Death Pit (Soccer)

This slightly less serious drill is a knock-off of the “Knock Out” drill often used in soccer. While it is primarily for beaters, it works for chasers and keepers as well.


Use cones to make a giant circle – it must be large enough for all your chasers and two beaters to fit inside while still far enough apart from each other to extend their arms and not touch anyone. Arm the two beaters with bludgers, and one chaser with the quaffle. The captain then says “GO” and starts a timer. The goal is for the beaters to clear out the circle as quickly as possible. The chasers cannot intentionally leave the circle – if they do, or if they are beat, they are out of the game and must exit the circle until the drill is over.


The beaters have to learn to make beats that bounce off of the chasers in a predictable and controllable manner. Everyone should be close enough for throws to be able to be sharp and precise, and ideally, when the beaters hit their opponents, the bludger will bounce right back to them. If a bludger is thrown outside the circle, beaters cannot throw it until they and the bludger are back in the circle after retrieving it.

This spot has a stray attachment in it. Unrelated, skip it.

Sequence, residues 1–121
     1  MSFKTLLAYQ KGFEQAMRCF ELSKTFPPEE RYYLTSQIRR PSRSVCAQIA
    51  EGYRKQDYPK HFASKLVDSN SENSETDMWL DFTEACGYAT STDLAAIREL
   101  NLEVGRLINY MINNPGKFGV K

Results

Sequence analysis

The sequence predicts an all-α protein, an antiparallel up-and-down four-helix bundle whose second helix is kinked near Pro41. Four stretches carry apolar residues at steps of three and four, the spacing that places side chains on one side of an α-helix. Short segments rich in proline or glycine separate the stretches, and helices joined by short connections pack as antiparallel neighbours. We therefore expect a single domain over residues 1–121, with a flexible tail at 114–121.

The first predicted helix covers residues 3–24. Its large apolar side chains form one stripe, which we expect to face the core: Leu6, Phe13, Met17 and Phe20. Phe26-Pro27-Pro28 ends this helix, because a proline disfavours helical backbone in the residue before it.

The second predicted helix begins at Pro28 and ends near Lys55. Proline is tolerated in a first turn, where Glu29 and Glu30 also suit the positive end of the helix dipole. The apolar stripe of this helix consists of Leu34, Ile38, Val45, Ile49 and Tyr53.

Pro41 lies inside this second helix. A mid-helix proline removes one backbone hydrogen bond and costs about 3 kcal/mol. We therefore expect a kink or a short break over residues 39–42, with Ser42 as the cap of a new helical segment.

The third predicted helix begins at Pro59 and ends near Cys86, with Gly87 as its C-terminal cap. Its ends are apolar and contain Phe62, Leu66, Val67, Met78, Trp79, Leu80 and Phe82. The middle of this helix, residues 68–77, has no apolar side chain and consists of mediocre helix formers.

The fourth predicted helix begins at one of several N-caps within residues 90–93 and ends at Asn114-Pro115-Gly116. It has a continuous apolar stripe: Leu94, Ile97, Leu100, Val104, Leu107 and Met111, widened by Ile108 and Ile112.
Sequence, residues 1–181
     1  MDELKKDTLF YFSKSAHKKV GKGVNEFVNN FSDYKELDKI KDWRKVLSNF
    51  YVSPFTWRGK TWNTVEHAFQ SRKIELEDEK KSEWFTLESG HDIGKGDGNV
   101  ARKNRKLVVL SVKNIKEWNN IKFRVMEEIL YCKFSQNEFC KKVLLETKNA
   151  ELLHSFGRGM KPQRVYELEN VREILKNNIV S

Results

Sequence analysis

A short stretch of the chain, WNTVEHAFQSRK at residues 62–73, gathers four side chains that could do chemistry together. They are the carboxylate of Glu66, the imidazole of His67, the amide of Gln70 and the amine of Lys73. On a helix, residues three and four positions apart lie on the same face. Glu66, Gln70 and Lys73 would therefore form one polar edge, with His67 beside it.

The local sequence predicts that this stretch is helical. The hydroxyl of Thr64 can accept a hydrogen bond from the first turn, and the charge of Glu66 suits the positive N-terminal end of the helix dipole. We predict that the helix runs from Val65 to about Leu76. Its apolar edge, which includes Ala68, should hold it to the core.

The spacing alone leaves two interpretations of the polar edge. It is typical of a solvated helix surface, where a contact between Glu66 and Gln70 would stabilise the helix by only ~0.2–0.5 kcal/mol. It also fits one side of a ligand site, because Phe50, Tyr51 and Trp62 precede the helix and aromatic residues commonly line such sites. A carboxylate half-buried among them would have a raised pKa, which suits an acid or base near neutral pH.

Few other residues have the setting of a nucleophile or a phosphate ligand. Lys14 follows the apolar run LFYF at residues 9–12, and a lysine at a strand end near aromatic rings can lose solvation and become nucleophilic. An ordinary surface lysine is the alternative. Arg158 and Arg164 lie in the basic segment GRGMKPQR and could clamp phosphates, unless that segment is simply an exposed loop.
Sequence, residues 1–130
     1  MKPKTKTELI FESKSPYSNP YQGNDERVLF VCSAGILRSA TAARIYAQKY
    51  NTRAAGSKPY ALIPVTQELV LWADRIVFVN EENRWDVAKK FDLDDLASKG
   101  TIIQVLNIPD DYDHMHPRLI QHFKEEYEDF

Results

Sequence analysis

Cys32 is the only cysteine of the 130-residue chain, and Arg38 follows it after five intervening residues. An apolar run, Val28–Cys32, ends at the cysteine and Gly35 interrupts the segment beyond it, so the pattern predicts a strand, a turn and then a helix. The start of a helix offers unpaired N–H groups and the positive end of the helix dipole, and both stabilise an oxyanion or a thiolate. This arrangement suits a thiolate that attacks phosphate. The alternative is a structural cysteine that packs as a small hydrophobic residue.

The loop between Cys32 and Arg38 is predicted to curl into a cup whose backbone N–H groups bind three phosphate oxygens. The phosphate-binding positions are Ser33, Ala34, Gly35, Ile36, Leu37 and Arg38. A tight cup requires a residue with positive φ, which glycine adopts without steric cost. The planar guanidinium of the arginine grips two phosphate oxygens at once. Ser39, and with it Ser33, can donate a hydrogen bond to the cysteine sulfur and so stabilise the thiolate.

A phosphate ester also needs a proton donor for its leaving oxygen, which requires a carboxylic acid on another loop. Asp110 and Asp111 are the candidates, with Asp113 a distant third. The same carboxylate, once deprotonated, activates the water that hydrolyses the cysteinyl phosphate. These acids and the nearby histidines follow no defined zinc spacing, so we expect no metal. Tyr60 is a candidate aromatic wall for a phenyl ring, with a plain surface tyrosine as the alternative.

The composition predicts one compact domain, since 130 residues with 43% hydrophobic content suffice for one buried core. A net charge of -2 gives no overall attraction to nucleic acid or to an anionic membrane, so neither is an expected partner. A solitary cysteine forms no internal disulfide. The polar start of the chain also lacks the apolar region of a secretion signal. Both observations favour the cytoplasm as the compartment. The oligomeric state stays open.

Naturally, the chasers should try to use the quaffle to block the bludger. They also need to learn to pass it to teammates that may be about to be beat. Most importantly, chasers should, if they know they are about to be beat, make a pass to a teammate, because, otherwise, just as in real games, the beaters will be able to guard the dropped quaffle and render it impossible to get back.



These are just a few drills taken from professional sports – there are thousands of drills that already exist that can be reimagined for quidditch, so go out and do some research! If you’ve got players with years of athletic experience under their belt, don’t be afraid to ask them to lead an adjusted drill of their own – it can help them feel like a valued member of the team, and their knowledge might help you develop some new game-winning strategies.


Leave a Reply

Your email address will not be published. Required fields are marked *